Thursday, October 22, 2009

Simple but Amazing Taco Soup

When I first came to America, I came here as a volunteer (missionary) for my church back in 2002 when I was 21 years old and stayed until 2004. I was born and raised in South Korea and it was my very first experience coming to America... my first experience outside of my home country. I was excited about all the adventures ahead of me! I got to meet a lot of interesting people, and by "interesting" I mean "totally-crazy-or/and-awesome"!! It wasn't hard to fall in love with the people in America, really. But it was the food that I had a hard time with in the beginning.

Well, if you have been to Asia, especially South Korea, you will know that Korean food is way different from American. When my missionary friends took me to Taco Bell for the first time, I thought I would never survive in America for longer than a month. I thought if all American food was like this.. I could never live here for a year and a half! (Sorry to all Taco Bell fans.. I'm just not a fan!)

Well, after going through lots of stomachaches getting used to American food, here I am... running a food blog and most of the food that I post here are American style food. After a year and a half of my wonderful experiences as a missionary, I went back to Korea for about three months before I came back here for school. Well, for a while, I was in heaven. I got to try all the Korean food that I craved while I was in America. I mean, they have Korean restaurants here but they are not the same. Just like they say Mexican food here is different from the ones in Mexico?? I would never know because I've never been to Mexico. But then after about a month or so, I started craving American food. Not McDonald's or Pizza Hut, but like meatloaf, mashed potatoes, macaroni and cheese... well you get the picture.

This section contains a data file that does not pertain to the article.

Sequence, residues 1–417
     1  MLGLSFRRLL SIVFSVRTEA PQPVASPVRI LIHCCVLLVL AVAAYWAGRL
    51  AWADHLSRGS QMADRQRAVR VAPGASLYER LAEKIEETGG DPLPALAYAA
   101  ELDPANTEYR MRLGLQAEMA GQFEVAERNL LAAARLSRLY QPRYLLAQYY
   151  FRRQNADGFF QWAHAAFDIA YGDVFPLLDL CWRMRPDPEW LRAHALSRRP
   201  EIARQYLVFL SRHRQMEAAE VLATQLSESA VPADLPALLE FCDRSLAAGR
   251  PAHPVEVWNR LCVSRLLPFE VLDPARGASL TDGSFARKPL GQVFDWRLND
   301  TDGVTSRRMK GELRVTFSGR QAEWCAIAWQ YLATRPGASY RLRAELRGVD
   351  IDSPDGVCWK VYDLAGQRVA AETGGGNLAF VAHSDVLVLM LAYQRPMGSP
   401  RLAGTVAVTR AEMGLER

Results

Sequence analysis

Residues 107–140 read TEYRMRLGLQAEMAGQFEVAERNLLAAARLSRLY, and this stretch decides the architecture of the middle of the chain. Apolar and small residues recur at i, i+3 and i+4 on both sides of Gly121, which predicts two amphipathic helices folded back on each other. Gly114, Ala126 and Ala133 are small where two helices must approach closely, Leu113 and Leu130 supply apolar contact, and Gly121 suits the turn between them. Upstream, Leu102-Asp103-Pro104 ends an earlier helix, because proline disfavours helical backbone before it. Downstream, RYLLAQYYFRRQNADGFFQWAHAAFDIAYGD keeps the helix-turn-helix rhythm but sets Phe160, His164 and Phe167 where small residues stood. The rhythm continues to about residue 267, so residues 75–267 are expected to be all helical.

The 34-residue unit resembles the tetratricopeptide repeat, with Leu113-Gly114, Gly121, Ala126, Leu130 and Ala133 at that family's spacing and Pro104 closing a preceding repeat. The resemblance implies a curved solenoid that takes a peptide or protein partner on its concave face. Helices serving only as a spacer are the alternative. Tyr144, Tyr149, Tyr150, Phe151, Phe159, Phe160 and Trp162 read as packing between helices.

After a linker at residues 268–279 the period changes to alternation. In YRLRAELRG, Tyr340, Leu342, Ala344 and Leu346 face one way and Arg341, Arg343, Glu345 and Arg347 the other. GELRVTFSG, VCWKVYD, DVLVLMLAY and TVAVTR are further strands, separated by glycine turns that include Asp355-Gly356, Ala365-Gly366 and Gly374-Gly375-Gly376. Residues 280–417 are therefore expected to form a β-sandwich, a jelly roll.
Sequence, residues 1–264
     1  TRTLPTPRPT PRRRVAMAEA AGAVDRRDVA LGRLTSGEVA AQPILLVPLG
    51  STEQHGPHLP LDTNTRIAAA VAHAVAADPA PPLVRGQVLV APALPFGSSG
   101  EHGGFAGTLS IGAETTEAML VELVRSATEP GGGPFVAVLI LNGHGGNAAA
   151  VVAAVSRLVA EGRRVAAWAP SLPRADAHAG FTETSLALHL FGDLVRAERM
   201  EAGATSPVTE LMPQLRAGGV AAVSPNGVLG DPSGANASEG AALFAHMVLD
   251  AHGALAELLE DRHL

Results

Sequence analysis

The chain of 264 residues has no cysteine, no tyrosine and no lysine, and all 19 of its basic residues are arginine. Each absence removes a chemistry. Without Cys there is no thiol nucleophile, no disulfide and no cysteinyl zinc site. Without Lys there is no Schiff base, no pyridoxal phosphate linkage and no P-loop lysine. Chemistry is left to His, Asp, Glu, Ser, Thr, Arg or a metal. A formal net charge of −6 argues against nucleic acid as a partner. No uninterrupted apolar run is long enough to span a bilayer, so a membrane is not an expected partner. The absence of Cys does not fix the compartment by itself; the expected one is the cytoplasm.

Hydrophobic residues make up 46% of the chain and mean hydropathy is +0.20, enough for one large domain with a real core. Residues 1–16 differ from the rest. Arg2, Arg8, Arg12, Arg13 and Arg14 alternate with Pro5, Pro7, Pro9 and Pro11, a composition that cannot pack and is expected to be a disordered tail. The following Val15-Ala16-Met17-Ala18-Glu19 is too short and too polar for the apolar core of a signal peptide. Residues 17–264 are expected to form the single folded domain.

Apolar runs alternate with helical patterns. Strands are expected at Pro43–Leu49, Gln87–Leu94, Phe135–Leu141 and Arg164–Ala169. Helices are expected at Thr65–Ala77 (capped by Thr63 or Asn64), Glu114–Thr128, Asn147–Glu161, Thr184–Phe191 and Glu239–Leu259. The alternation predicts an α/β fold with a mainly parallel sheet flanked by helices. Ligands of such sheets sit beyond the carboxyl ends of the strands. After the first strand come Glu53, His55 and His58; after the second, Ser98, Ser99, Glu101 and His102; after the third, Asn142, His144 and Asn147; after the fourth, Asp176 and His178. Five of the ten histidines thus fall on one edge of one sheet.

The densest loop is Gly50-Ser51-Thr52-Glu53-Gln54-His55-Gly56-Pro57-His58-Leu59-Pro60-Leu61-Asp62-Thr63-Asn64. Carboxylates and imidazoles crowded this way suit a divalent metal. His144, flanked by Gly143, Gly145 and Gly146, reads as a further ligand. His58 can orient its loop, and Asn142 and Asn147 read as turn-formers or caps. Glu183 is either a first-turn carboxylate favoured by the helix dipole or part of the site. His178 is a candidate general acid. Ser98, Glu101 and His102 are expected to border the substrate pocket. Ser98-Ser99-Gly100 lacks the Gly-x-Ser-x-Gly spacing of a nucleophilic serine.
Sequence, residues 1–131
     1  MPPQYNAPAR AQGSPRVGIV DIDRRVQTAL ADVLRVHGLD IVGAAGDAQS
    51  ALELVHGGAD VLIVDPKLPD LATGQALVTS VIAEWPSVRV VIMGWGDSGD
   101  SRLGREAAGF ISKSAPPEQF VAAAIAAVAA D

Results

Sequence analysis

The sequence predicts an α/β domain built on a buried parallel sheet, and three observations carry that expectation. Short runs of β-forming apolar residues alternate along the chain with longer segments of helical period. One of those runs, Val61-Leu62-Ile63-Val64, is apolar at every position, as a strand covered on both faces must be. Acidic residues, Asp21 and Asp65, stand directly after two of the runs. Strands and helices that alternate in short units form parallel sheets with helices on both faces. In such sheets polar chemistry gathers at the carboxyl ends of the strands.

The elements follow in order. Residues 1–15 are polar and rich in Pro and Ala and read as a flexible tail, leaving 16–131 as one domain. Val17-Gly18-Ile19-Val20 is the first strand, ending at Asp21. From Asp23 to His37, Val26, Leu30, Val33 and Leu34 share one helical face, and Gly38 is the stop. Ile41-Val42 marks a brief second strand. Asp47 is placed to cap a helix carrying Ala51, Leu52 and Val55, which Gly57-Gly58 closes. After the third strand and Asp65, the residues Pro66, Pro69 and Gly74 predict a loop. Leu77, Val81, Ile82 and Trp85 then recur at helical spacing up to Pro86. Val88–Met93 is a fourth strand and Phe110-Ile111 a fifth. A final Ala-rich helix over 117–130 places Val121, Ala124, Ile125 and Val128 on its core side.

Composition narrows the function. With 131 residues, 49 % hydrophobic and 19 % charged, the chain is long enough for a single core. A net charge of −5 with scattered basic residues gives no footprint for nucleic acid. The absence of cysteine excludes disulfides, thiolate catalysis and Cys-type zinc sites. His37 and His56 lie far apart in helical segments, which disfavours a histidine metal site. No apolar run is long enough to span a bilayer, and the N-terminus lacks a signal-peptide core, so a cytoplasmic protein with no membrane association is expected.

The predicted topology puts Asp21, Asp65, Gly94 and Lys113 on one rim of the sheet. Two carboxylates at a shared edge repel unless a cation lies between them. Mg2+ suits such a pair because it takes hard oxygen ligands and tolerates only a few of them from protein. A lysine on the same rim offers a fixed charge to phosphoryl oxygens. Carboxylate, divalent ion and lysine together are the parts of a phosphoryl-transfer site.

Then I really craved Mexican food. I wasn't introduced to a lot of ethnic foods until I came all the way across the Pacific Ocean to America. What is it? Why does America have so many different kinds of food? (I'm not complaining, really) In Korea, they have two kinds of restaurants - all things Korean or fast food. They don't have Mexican food, Thai food, Indian food, Brazilian food, etc. Seriously, if there was one reason to keep me here in America, it'd be food, well, besides my family, of course.

Okay, the point of this long, long intro (I never talk this much really) is that one of dishes I craved the most (besides stuffed mushrooms) when I was back in Korea for three months was this warm, spicy, filling taco soup. But it was impossible to get these ingredients there. No sour cream, no taco seasoning, no canned tomatoes, and cheese is so darn expensive there! But now I can have one my favorite soups whenever I want! So here is the recipe for easy taco soup. And the bottom line is... don't take it for granted. It's the things that you think you'll never miss you will miss the most. :)

Taco Soup

  • 1 1/2 pounds extra lean ground beef
  • 2 cups diced onions (I didn't add this due to my husband's hatred toward onions)
  • 1 (15 1/2-ounce) can pinto beans
  • 1 (15 1/2-ounce) can pink kidney beans
  • 1 (15 1/4-ounce) can whole kernel corn, drained
  • 1 (14 1/2-ounce) can Mexican-style stewed tomatoes
  • 1 (14 1/2-ounce) can diced tomatoes
  • 1 (14 1/2-ounce) can tomatoes with chiles
  • 2 (4 1/2-ounce) cans diced green chiles
  • 1 (4.6-ounce) can black olives, drained and sliced
  • 1 (1 1/4-ounce) package taco seasoning mix
  • 1 (1-ounce) package ranch salad dressing mix
  • Corn chips, for serving
  • Sour cream, for garnish
  • Grated cheddar cheese, for garnish
  • Chopped green onions, for garnish
  • Pickled Jalapenos, for garnish

Brown the ground beef and onions in a large skillet; drain the excess fat, then transfer the browned beef and onions to a large slow cooker or a stockpot.